The initiative of the household charcoal collection started in two provinces in India (Rajasthan and Gujarat), one in Ethiopia (Amhara) and one in Tanzania (Isongole). Target households were trained to extinguish cooking fires and collect the charcoal to prevent continued smouldering. Women stored this charcoal in baskets and sold it to local collection centres on a weekly basis. Charcoal processing units were set up as women’s cooperatives to process charcoal into briquettes and sell them in local markets.
Meanwhile, bamboo plantations and pyrolytic gasifier stoves were promoted in local households through training workshops with village administrative units and local women’s groups. Bamboo not only is a better alternative of fuelwood due to lower emissions, but it also provides green cover and additional income, as it can be used as fodder or raw material for furniture. In order to encourage bamboo plantation and use of gasifier stoves, materials for bamboo plantation and pyrolytic gasifier stoves were distributed to households in advance. They can be repaid later using charcoal produced with these new alternatives.
- From May 2012 to September 2014, nearly 15,000 poor rural women directly benefitted from the grant: 7,619 from Rajasthan, India; 2,990 from Gujarat, India; 4,349 from Tanzania; 22 community kitchens in Ethiopia.
- This initiative increased the monthly income of Indian women by an average of 180 Indian rupees, without additional work.
- Over 31,250 fast-growing bamboos were planted, and a bamboo nursery was established in India; households now commonly use bamboo waste for cooking.
- The year-round income from the household charcoal model built resilience. Participants embraced the model, as they are now identified as self-employed entrepreneurs and are bringing additional income to their families. The value of household charcoal produced exceeds that of the fuelwood used. Charcoal has become an important source of income in India and Africa; widows and single mothers can make a living with the income that household charcoal provides.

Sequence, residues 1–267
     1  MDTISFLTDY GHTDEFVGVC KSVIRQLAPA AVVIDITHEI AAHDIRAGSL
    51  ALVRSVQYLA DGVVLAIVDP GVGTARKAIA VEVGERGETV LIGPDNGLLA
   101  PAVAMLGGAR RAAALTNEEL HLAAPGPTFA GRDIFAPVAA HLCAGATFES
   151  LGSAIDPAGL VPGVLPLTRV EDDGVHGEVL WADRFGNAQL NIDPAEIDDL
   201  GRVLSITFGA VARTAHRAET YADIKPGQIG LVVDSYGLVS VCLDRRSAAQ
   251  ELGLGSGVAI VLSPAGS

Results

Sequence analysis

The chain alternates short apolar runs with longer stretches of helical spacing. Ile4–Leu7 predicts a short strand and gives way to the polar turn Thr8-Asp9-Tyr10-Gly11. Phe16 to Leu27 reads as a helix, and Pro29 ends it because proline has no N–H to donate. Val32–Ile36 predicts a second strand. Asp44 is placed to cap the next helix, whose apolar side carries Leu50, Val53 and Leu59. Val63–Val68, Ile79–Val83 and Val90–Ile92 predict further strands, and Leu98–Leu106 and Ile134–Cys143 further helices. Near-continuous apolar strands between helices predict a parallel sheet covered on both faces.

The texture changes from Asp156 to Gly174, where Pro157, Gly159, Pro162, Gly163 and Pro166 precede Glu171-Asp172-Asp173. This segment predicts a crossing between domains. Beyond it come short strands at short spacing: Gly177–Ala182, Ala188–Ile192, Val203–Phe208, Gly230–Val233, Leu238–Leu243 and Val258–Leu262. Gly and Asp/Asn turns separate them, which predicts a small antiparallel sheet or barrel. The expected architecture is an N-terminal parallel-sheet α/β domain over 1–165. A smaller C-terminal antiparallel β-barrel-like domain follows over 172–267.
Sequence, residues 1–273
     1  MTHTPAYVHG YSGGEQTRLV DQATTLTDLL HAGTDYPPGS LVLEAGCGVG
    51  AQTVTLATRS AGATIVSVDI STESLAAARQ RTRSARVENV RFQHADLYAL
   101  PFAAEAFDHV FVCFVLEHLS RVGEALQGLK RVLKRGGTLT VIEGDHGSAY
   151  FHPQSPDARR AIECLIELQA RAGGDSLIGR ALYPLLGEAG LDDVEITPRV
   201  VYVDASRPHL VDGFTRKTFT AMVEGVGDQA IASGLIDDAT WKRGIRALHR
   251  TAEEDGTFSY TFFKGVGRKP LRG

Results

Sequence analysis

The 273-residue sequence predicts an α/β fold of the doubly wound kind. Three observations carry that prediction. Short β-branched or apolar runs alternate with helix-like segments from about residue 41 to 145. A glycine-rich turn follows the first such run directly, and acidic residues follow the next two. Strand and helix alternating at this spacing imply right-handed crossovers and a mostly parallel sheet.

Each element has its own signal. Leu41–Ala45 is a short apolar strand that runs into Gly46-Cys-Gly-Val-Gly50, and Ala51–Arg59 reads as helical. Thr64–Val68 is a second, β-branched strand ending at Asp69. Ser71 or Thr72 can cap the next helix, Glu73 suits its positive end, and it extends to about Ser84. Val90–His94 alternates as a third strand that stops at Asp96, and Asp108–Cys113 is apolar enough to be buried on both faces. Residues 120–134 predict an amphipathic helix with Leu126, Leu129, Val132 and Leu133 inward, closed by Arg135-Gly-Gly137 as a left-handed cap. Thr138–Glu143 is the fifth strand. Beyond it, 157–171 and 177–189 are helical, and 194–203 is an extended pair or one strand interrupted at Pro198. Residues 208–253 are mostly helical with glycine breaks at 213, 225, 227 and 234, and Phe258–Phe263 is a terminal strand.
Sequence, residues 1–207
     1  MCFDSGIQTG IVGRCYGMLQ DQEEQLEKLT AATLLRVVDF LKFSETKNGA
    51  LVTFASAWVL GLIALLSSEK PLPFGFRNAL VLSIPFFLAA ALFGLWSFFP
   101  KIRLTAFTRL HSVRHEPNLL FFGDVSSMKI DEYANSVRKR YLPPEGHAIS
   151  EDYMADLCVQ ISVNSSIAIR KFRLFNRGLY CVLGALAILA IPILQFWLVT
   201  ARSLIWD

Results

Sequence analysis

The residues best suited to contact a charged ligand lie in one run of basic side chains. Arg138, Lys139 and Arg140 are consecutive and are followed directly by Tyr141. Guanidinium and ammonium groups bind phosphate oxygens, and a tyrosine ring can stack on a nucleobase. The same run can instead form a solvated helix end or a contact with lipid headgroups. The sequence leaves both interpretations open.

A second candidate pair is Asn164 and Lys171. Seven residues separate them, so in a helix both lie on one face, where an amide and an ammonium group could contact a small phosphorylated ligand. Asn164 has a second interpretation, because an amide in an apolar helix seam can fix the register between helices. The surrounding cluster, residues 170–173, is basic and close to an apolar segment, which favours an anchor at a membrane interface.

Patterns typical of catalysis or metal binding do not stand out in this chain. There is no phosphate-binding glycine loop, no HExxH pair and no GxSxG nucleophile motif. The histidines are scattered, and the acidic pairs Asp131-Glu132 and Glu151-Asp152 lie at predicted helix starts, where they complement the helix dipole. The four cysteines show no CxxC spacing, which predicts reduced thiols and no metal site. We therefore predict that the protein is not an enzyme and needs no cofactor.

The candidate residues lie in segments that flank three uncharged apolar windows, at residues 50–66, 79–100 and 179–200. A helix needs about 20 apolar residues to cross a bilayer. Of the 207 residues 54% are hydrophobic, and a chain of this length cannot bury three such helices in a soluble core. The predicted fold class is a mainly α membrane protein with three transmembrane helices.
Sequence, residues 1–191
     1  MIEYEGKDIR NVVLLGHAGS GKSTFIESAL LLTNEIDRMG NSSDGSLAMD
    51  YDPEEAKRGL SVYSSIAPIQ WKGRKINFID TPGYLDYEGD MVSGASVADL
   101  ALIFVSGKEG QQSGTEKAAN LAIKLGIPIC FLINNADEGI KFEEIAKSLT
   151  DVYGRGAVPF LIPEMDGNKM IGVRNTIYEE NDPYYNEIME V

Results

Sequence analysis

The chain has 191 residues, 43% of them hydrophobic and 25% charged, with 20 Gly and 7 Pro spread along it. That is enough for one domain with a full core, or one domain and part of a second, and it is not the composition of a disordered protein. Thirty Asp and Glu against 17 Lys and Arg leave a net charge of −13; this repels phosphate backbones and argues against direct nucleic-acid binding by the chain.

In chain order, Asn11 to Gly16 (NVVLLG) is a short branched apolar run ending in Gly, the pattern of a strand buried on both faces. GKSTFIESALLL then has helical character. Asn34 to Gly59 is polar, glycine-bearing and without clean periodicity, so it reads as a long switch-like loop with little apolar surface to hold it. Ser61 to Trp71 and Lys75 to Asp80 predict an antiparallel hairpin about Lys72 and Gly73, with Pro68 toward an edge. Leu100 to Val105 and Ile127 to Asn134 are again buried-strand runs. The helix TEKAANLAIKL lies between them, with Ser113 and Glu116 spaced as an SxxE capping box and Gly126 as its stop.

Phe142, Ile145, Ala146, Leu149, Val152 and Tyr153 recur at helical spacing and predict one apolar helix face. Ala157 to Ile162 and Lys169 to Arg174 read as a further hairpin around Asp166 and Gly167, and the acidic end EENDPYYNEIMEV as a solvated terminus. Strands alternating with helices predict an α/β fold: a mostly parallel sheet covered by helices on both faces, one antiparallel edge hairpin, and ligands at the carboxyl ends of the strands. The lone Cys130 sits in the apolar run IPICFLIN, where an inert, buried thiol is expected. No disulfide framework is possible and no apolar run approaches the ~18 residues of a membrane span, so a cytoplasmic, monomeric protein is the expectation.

A series of processing machinery and stoves have been developed. A low-cost pulveriser was developed in Ethiopia and replicated in India. Pulverisers, mixing machines and charcoal briquetting machines were tested in India and later obtained by Tanzania. Briquetting machines that use diverse agricultural wastes to produce sustainable “fuelwood” were tested and will be taken forward by another grant.
Lessons Learned/Potential for replication
- The household charcoal model is easily replicable and hugely scalable, as 500 million households around the globe produce 183 million tons of household charcoals at 10% yield annually, which is worth US$37 billion and sequestered 669 million tons of CO2.
- Charcoal pulverising and briquetting machines that work on single-phase power with lower volumes are better suited for rural areas. The pyrolytic biomass gasifier that produces both power and charcoal is an excellent entry point in areas where power is not available.
- Policy, advocacy and dialogue is needed to encourage greater collection of household charcoal and discourage charcoaling of timber.
- Seed capital is needed to set up processing facilities that could be repaid through household charcoal sales, especially in areas where the poor do not have the investment capital.
- According to some local beliefs, bamboo cannot be used as a source of charcoal production. Alternative biomass substitutes should be considered.
- Because 500 million households already produce charcoal, the potential for scaling up the initiative is unprecedented. Strategies could be developed to promote it further, benefitting both women producers and the environment.
- Household charcoal is the most objectively measurable and simple means of carbon capture and storage. It also has potential as biochar to enhance agricultural productivity.
- Policy support is needed to encourage larger-scale charcoal collection and processing. Household charcoal is a step towards environmental conservation, unlike the destructive and low-yield charcoaling of timber., Sustainable certification of household charcoal would support gender equality, expand the market and reduce environmental degradation.
Solution Additional ResourcesAn innovative and scalable cooking-based charcoal production value chain for women (INBAR website)
Last update: 01/02/2019